Chanay Ke Daal Ka Halwa is my absolute favourite dessert.
I fell in love with it some decades ago when my little self used to stand in the corner of our home terrace, devouring a plate of Chanay Ke Daal Ka Halwa, unaware of the peeping auntie from the house next door.
Yes, I was a fat, chubby if one wants to be kind, little kid, always ready to sneak Chanay Ke Daal or Gajar Ka Halwa.
I remember my anticipation and excitement on noticing that Ami was getting ready for a siesta, and Jalal, our telltale cook, had closed his kitchen too. That translated into me gliding to the freezer, stealing a small frozen portion of Halwa and heating it to edible perfection in the January of Karachi.
Yes, it was the early 80s and I was a pre-teen. This was my afternoon romance with Halwa, and it lasted for just a season, and the reason?
Shamshad Auntie’s Chinese whispers to Ami.
Delightfully delicious, that’s the only way to describe Chanay Ke Daal Ka Halwa. Who thought of adding sugar, milk and ghee to ground chanay ke daal, simmering it until the milk evaporates and serving it as a delectable dessert?
Also read: My quest for the best halwa puri in Lahore
History of the halwa
Halwa finds its roots in the Arabic language and refers to many dense or compact desserts. Originally Halwa was either flour based or used various nuts with sugar, milk and butter to create a sweet gelatinous, or hardened nutty dessert.
It is commonly believed that this kind of Halwa was introduced to the settlers in India through trade with the Middle East and Asia Minor during the expansion of the Mughal Empire.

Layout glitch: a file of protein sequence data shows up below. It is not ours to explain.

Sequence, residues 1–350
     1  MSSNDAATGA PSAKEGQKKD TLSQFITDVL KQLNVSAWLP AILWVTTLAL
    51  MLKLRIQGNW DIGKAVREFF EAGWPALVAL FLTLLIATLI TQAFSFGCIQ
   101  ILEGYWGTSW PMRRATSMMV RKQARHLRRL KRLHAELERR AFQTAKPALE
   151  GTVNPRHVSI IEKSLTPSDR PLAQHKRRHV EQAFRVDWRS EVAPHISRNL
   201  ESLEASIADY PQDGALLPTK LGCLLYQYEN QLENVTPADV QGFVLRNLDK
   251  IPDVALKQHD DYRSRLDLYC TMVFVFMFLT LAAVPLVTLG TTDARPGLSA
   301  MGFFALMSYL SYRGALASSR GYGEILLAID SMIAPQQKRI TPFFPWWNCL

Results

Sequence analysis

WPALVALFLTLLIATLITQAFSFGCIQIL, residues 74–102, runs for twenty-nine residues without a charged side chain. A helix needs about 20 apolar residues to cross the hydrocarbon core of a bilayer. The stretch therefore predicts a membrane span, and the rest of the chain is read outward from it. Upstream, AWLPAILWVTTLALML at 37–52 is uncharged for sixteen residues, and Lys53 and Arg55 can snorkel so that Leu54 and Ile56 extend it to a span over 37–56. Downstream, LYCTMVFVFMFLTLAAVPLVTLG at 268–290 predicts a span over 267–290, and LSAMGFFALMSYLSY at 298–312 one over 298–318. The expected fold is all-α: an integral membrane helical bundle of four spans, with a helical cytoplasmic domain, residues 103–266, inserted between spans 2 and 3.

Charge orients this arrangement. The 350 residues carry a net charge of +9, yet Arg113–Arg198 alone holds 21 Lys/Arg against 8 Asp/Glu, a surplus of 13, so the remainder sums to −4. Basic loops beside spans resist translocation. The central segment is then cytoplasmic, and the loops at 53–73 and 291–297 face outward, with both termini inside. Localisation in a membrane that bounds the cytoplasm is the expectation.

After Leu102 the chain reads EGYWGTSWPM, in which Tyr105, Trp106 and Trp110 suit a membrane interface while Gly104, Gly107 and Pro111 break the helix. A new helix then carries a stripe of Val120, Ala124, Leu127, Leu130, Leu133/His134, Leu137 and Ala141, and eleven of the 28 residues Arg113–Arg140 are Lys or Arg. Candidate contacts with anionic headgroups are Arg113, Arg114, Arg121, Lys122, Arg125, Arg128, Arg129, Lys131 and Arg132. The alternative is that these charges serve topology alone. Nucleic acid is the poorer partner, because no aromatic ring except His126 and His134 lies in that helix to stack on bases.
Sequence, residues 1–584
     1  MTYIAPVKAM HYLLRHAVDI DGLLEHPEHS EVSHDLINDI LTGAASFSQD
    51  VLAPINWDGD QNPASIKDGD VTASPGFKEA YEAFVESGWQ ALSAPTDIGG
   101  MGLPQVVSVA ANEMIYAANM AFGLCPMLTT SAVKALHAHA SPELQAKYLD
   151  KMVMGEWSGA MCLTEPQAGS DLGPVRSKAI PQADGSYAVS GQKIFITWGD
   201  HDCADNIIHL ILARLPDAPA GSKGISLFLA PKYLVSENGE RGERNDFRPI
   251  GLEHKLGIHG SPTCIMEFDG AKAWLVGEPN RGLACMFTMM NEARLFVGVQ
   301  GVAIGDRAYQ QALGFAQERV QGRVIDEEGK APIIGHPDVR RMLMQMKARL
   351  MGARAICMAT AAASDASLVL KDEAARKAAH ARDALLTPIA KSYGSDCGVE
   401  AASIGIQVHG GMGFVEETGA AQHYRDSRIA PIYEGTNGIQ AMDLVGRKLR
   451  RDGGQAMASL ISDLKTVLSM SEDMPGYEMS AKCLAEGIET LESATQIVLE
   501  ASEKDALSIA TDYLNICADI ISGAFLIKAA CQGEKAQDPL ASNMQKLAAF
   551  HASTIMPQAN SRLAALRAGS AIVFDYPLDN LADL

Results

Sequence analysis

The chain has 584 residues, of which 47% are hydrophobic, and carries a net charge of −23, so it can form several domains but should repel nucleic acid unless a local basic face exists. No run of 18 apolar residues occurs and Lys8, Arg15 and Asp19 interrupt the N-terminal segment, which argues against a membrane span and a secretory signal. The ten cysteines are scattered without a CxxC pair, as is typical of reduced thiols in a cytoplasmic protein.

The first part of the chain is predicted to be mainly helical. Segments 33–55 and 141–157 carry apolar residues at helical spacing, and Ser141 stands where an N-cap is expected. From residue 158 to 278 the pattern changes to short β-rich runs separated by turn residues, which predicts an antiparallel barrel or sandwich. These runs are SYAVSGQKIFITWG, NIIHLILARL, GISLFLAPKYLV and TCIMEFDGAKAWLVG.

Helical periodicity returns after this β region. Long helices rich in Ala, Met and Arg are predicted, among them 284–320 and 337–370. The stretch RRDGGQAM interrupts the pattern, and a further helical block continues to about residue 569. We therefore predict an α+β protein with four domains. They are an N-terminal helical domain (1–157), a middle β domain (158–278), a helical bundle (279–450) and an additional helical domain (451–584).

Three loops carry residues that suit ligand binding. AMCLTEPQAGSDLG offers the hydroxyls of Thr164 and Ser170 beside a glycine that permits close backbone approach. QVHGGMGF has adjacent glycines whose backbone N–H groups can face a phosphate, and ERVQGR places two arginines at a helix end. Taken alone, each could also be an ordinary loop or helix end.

However, the halava native to our sub-continent is best described in The Hare Krishna Book of Vegetarian Cooking by Adiraja Dasa;
"Sweets from the subcontinent are generally made from milk products, fresh fruits, whole grains, chickpea flour, lentil flour, and nuts. Of all the sweets in the subcontinent, milk sweets are the most delectable, and with traditional cooking methods, you can make them in a great variety. Another group of sweets are the ones made from toasting and roasting chickpea flour, lentil flour, and dried fruits in a base of milk. There are various kinds of halava (no resemblance to the Turkish variety). These are made from combinations of nuts, semolina, hazelnuts, fresh fruits, carrots, lentil flour, and chickpea flour.
The shared food heritage between Pakistan and India is fascinating: we share the same food stories and love the same foods, and can rightfully lay claim to most foods as our own. This not only makes for a delightfully interesting dinner conversation with friends, but also a common ground to share family recipes and stories.
My mom made scrumptious Chanay Ke Daal Ka Halwa, the kind that made a petty thief out of me, but sadly I never took the recipe from her. However, when I was looking to make this Halwa, my school friend Eram Rabbani Ashraf came to my rescue and shared her recipe with me. I modified it just a tad bit and the outcome was a bowl full of sweet sunshine deliciousness. Here it is, from my kitchen to yours.
2 cups chanay ki daal
15 green cardamoms
1/2 cup blanched almonds, chopped.
¼ cup pistachios
Soak daal 6 to 8 hours.
Drain and grind in a food processor until fine.
Pour the ground daal into a heavy based pan and cook on low heat, adding milk and stirring periodically.
Once the milk starts evaporating, add oil, cardamom and sugar to taste.
Now begins the heavy stirring, keep stirring and adding oil until the consistency is right.
As you keep stirring, the colour of the halwa starts changing to a golden brown. Do not lose heart, keep stirring, adding oil if required, and slowly but gradually the oil will separate.
Keep stirring until oil separates, and the colour is a rich beautiful golden.
Garnish with nuts, and serve.